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Russ Housley IETF Chair 23 July 2012 Introduction to the IETF Standards Process.

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Presentation on theme: "Russ Housley IETF Chair 23 July 2012 Introduction to the IETF Standards Process."— Presentation transcript:

1 Russ Housley IETF Chair 23 July 2012 Introduction to the IETF Standards Process

2 Internet Engineering Task Force IETF was established in 1986 “We make the net work” The mission of the IETF is to produce high quality, relevant technical and engineering documents that influence the way people design, use, and manage the Internet in such a way as to make the Internet work better. These documents include protocol standards, best current practices, and informational documents of various kinds. [RFC 3935]

3 IETF Open Standards While the mission of the IETF is to make the Internet work better, no one is “in charge” of the Internet. Instead, many people cooperate to make it work. Each person brings a unique perspective of the Internet, and this diversity sometimes makes it difficult to reach consensus. Yet, when consensus is achieved, the outcome is better, clearer, and more strongly supported than the initial position of any participant.

4 RFCs Published IETF 4 Not all RFCs come from the IETF; however, in the last 10 years, 90% of the RFCs have come from the IETF.

5 Ethos of the IETF IETF uses an open standards process All interested people are invited to participate Even if unable to attend the face-to-face meetings, join mail list discussions All documents are online, available to everyone One Internet Open standards for a global Internet Maximum interoperability and scalability Avoid specialized protocols in different places Contributions are judged on merits: rough consensus and running code

6 IETF takes on work when … The problem needs to be solved The scope is well defined and understood Agreement on specific deliverables Reasonable probability of timely completion People willing to do the work

7 IETF is right place when … The problem fits one of the IETF Areas Applications Internet Operations and Management Real-time Applications and Infrastructure Routing Security Transport Getting better at working on topics that span Areas Working on topics that span Standards Development Organizations (SDOs) take significantly more effort to be successful

8 Liaison Relationships IAB appoints individuals to serve as liaison managers with specific SDOs IAB has focus on strategic concerns, transparency, and architecture IESG has focus on tactical concerns and particular standards New-work mail list intended to highlight overlap between two SDOs early in the process Liaison statements are posted for all to see: https://datatracker.ietf.org/liaison/

9 IETF Structure Overview The IETF is not a legal entity – no members 1000 to 1200 people at 3/year meetings Many more people on mail lists ~120 Working Groups (WGs) Where the real work gets done 7 Areas, each lead by two Area Directors (ADs) Except General Area is lead by IETF Chair IESG: Area management, standards approval IAB: architectural guidance, liaison, oversight IAOC: oversee budget, contracts, and IPR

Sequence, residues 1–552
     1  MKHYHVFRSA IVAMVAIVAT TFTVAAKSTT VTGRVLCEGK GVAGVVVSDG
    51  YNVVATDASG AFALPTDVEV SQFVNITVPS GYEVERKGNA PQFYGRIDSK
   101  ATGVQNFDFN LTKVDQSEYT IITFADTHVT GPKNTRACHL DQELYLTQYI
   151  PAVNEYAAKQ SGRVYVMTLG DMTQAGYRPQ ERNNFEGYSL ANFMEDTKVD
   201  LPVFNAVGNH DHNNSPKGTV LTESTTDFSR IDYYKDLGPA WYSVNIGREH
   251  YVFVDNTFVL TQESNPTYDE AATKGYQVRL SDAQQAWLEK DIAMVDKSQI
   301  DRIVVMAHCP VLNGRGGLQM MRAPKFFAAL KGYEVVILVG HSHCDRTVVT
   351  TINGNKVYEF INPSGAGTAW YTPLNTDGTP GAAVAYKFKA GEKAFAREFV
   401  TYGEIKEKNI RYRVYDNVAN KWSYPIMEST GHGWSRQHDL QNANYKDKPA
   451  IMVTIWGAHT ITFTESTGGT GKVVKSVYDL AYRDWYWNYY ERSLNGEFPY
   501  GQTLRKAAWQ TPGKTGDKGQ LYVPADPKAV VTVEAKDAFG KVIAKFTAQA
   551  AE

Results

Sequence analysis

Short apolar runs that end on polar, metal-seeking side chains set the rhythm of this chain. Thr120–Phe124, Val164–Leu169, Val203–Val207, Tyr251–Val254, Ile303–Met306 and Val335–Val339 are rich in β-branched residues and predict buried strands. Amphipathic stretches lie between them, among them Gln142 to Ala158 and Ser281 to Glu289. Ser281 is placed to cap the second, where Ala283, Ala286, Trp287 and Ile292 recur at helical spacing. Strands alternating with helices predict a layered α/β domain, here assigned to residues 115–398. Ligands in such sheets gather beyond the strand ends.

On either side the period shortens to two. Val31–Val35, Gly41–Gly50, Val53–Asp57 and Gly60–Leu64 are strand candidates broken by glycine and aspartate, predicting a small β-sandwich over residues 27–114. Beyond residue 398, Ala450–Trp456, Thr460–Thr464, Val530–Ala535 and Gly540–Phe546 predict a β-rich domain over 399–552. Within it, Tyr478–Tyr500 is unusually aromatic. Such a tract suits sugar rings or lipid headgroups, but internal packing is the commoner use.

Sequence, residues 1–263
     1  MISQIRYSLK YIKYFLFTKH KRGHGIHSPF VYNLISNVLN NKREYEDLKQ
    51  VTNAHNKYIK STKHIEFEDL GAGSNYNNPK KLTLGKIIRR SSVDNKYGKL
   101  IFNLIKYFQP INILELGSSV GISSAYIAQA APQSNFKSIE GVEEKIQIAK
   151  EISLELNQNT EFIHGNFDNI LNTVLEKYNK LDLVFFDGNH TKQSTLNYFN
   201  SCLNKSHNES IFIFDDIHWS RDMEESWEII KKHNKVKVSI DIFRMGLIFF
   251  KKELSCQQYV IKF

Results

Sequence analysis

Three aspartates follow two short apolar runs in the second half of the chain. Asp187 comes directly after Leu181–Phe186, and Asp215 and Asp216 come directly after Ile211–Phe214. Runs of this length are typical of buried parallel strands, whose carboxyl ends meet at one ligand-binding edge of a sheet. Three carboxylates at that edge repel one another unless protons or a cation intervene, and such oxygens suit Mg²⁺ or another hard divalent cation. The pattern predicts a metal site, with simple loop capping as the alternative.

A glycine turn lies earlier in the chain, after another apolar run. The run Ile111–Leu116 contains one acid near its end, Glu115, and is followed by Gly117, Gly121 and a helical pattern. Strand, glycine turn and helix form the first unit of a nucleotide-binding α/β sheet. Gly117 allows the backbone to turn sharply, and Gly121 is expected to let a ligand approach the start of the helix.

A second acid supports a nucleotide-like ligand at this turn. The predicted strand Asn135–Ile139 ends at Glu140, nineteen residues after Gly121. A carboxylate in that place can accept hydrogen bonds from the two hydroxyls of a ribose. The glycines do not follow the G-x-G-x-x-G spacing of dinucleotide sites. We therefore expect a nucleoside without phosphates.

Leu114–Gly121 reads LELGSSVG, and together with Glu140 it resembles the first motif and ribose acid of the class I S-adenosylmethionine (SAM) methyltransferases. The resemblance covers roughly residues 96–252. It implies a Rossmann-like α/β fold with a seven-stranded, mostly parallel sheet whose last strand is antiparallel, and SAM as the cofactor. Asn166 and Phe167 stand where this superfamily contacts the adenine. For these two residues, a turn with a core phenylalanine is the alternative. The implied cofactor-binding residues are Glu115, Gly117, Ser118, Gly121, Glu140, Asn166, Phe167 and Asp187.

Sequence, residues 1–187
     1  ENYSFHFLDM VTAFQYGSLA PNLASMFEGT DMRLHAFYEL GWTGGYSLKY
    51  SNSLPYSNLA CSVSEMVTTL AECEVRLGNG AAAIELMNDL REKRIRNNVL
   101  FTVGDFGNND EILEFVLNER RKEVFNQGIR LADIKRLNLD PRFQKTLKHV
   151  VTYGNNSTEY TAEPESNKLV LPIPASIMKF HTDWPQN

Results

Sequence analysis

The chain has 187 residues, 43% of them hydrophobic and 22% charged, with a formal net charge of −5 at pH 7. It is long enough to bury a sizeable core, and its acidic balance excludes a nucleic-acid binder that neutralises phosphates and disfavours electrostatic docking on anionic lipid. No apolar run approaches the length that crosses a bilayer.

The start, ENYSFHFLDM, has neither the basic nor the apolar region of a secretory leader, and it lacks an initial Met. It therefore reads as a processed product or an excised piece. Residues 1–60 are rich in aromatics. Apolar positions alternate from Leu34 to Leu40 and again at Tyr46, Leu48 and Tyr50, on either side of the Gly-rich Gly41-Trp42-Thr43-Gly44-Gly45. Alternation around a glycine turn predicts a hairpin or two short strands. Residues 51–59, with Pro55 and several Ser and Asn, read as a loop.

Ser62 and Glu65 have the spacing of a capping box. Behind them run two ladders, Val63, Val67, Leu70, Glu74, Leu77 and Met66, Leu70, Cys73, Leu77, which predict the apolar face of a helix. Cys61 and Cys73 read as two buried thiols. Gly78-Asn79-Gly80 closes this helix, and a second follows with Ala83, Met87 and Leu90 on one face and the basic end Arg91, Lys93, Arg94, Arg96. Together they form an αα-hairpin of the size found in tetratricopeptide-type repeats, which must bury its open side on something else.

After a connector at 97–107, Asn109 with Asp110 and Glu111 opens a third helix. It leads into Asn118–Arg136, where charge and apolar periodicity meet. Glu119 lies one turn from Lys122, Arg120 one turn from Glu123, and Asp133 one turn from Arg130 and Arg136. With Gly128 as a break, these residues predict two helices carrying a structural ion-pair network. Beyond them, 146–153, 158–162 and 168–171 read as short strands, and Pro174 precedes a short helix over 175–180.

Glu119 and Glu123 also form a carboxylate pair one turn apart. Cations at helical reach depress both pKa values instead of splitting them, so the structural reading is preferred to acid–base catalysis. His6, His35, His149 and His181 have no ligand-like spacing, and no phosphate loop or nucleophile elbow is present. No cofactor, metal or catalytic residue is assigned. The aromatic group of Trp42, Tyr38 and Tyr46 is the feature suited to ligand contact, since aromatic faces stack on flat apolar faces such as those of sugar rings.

10 IETF Organizational Overview

11 IETF Management IETF Chair IESG Chair, AD for General Area, IAB member, and IAOC member Often seen as spokesman Area Directors (AD) Two ADs for each Area, except General Area Internet Engineering Steering Group (IESG) ADs sitting as a body Internet Architecture Board (IAB)

12 Area Directors Responsible for setting direction in the Area Responsible for managing process in the Area Approve Birds of a Feather (BOF) sessions Appoint working group chairs Oversee working group charters IESG and IAB involved in charter approval Review all working group documents prior to IESG evaluation IESG approves all IETF RFCs

13 Working Groups WGs are primary mechanism for development of specifications and guidelines IESG approves WG charters with IAB input Generally short-lived; address a specific problem or produce specific deliverables No formal membership; participation open to all Every WG has a mail list WG Chair Sets agenda for meetings Appoints document editors Determines when rough consensus has been reached

14 IETF Standards Approval Working group doc, or individual standards track doc IESG RFC Editor Submit Concerns Published RFC IETF Community Review “Last Call” Comments, suggestions suggestions Sponsoring AD

15 Nominations Committee IETF Chair, ADs, IAB and 2 IAOC members are picked by Nominations Committee NomCom Chair appointed by ISOC president Volunteers serve as NomCom voting members Must attend 3 of last 5 IETF meetings Ten voting members randomly selected from the volunteer pool NomCom picks one person for a 2 year term Confirmation before names are announced IETF Chair and ADs confirmed by IAB IAB confirmed by ISOC Board of Trustees IAOC confirmed by IESG

16 IETF is successful when … Participants care about solving the problem Participants represent all stakeholders Successful Internet protocols have come from top-down and bottom-up approaches Bottom-up is more common today Most things are incremental improvements

17 IETF Motto “We reject kings, presidents and voting. We believe in rough consensus and running code.” Dave Clark Dave Clark, MIT

18 Thank You Russ Housley Phone:


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